It remains to be seen how it works but I dislike it on principle as more AFL imperialism.

  26. Rocket Nguyen says:

    What a mess! All self-serving stuff by the AFL clubs in Perth and Adelaide who don’t seem to care a tinkers for the game. The Adelaide proposal is a disaster – but the Perth one is even worse. Absolutely no respect for the traditions of the WAFL and SANFL. Or the game for that matter.

    The SANFL probably produces the most drafted players for all AFL clubs. That will diminish under the new model.

    Professional teams in a State league doesn’t work – look at the NEAFL. Next year it will become one conference instead of two. Currently if a player goes well for Sydney Uni he can be co-opted by the Swans or Giants reserves to play against Uni!
    Ridiculous.

    Put all the interstate reserves teams in the same comp.!

  27. Malcolm Ashwood says:

    I am disgusted and so angry with the AFL for not instigating a AFL National Res Comp as of next season re SANFL it is no longer a fair dinkum competion the AFL sides will have developing Players there Number 1 Aim winning a long distance back
    It is stupid and incompetent admin by the AFL in that if you kill off all the state Feeder comps eventually you will do untold damage at the AFL level
    AFl are pathetically short sighted in spending millions re Gold Coast and GWS and yet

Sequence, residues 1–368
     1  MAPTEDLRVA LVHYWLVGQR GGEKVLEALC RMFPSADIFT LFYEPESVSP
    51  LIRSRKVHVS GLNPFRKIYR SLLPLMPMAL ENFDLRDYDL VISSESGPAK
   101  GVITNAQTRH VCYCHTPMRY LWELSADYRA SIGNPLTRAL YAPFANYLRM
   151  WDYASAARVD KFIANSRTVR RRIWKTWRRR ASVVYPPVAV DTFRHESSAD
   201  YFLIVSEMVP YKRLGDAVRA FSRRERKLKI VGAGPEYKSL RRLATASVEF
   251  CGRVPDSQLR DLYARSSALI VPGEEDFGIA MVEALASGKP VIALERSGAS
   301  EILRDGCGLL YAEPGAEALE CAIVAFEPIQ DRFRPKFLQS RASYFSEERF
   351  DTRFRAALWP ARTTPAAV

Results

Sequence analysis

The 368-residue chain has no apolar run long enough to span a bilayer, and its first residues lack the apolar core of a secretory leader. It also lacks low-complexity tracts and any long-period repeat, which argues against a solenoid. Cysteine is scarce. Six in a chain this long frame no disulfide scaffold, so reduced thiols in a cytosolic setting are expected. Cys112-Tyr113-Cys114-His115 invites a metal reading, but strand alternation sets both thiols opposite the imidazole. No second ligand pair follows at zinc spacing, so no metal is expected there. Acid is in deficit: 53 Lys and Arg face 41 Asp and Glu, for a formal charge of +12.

Won’t have a National Reserves competion Shame Shame Shame !

  28. It’s unfortunate that this is necessary, but it is… With the powerful Vic AFL teams having established their own/controlled reserves teams (and destroyed the culture of the VFA in the process), the Eagles/Dockers/Crows/Power have been left with no option to emulate this, in order to give themselves a level playing field.

    For the last 2 decades, the AFL’s approach has been to maximise the revenue (and media & public focus) at the elite level, to keep all own their clubs intact, and to hell with all the clubs that have had to merge/fold/demote at lower levels of the game.

    I would prefer we raised the Draft age to 20, perhaps let every AFL club take 1 younger player from their local area as an annual pre-draft pick, with everyone else playing for their home state-league club until they turn 20, and bolstering those state leagues into the bargain. But clearly that doesn’t suit the interests of the powerful.

  29. The attention is on the WAFL and the SANFL – fair enough. But as a Victorian I want the VFA to be my state league, without any clubs tied to the AFL.
    I’m not sure what the solution is. The AFL WILL NOT set up a national reserves comp. Perhaps AFL players sent back to the second tier would be randomly assigned a WAFL, SANFL, VFL or NEAFL side as appropriate?

  30. Thanks for reigniting this discussion David.
    We went to Whitten Oval this arvo for Footscray v Essendon – just wonderful. Lots of people/memories/kids kicking the footy.
    It is probably a good time now to review the SANFL and WAFL changes.
    Les has been keeping us up to speed on WAFL.
    SANFL changes were controversial, but something – if not this – had to be done. Port seem dangerously strong. My Bays are a new kind of awful, but that’s not a new problem.